On the 9th of July whilst awaiting deportation Thomas Francis Meagher penned a letter to his friend John Leonard. “ As I told you in one of my previous letters, the recollection of the days I spent in Paris, In the eventful year of 1848, will be to me for many a year to come a source of very deep delight. Would to heaven that the hopes that then shone so brilliantly above our paths were still visible in our changeful and mournful sky-were still the objects of the peoples love,faith and adoration. But they have disappered-clouds on clouds have thickened round them, and in the darkness which covers the land we hear but the wail of the dying, and the supplications of the penniless and the breadless. Never, never, was their country so utterly downcast , so debased, so pitiful, so spiritless. In words which are as relevent today as then Meagher continued to write-Yet I do not, could not despair of her regeneration. Nations do not die in a day. Their lives are reckoned by generations and they encompass centuries. ” ” besides I feel that I have done nothing but my plain duty and hence I cannot be otherwise proud and happy at this moment. I would not exchange places this day with the most comfortable and happy slave in the country.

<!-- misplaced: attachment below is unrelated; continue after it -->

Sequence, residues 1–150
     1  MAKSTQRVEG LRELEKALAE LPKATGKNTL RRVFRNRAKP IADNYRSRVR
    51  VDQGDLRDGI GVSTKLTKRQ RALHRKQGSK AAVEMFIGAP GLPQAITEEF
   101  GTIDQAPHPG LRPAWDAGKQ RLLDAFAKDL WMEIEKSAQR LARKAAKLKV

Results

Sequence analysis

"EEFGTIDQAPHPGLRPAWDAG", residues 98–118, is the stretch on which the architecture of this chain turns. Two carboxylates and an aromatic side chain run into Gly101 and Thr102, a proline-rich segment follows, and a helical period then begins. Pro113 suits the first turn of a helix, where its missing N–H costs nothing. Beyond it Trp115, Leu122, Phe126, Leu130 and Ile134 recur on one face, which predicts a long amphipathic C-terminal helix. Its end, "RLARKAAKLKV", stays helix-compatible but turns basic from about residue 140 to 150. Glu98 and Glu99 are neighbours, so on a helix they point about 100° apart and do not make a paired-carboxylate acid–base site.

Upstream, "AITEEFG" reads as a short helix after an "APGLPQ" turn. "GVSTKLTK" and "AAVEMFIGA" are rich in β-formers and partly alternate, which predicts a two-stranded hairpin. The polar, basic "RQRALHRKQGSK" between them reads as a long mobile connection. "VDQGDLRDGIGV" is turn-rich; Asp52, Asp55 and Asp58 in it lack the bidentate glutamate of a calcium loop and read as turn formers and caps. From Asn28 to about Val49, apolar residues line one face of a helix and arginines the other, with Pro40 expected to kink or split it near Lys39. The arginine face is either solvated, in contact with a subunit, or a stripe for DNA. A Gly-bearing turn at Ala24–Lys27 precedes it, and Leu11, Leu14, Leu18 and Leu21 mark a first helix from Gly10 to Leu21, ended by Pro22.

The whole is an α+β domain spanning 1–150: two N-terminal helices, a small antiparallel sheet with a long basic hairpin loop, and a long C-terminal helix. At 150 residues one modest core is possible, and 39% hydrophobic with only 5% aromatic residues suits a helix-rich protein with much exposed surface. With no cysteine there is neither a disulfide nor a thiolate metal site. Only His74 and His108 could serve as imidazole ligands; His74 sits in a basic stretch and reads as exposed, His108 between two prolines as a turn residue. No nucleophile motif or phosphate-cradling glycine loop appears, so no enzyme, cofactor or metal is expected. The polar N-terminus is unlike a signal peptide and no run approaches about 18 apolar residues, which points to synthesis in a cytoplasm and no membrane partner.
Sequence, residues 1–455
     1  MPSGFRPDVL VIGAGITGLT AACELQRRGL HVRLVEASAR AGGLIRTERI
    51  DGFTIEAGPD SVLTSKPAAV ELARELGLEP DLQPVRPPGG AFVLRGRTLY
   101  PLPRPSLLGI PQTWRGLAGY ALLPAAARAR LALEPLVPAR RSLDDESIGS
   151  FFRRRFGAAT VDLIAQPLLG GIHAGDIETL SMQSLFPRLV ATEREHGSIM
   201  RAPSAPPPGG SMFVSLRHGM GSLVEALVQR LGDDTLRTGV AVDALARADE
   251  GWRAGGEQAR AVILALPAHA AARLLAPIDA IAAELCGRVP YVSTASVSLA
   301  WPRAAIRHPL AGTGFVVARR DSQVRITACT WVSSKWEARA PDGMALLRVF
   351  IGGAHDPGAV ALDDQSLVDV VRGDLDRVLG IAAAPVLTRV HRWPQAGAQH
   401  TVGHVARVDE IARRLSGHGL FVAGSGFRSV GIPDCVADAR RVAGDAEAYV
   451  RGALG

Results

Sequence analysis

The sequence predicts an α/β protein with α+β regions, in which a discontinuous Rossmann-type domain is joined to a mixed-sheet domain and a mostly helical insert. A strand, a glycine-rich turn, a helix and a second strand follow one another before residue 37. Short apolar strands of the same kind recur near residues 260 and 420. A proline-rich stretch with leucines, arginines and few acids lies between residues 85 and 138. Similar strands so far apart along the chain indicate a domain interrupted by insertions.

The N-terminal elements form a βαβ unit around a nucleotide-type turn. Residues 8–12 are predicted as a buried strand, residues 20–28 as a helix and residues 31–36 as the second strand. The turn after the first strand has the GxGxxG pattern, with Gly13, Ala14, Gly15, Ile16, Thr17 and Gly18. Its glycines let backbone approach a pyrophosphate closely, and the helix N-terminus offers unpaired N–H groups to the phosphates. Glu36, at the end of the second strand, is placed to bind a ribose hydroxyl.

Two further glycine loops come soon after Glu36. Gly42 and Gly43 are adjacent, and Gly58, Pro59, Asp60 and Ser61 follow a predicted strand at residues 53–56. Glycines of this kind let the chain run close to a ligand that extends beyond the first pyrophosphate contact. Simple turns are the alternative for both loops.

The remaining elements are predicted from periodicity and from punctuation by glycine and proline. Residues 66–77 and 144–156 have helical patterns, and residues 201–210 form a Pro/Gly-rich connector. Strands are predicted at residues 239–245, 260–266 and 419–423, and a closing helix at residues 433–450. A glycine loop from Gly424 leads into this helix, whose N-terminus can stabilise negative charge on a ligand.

Meagher finished the letter simply with
Orders have come, Yours devotedly Thomas Francis Meagher